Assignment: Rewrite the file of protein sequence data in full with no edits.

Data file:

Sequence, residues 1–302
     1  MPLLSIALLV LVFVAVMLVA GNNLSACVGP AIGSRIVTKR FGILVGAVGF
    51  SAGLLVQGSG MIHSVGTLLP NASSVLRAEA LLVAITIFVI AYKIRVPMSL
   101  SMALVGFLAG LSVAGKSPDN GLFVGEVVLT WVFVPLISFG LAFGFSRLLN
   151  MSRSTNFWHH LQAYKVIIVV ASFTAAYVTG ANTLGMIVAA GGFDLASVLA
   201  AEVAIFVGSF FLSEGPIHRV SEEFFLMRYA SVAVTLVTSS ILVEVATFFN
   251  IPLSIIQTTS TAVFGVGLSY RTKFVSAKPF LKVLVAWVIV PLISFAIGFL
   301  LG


Sequence, residues 1–302
     1  MPLLSIALLV LVFVAVMLVA GNNLSACVGP AIGSRIVTKR FGILVGAVGF
    51  SAGLLVQGSG MIHSVGTLLP NASSVLRAEA LLVAITIFVI AYKIRVPMSL
   101  SMALVGFLAG LSVAGKSPDN GLFVGEVVLT WVFVPLISFG LAFGFSRLLN
   151  MSRSTNFWHH LQAYKVIIVV ASFTAAYVTG ANTLGMIVAA GGFDLASVLA
   201  AEVAIFVGSF FLSEGPIHRV SEEFFLMRYA SVAVTLVTSS ILVEVATFFN
   251  IPLSIIQTTS TAVFGVGLSY RTKFVSAKPF LKVLVAWVIV PLISFAIGFL
   301  LG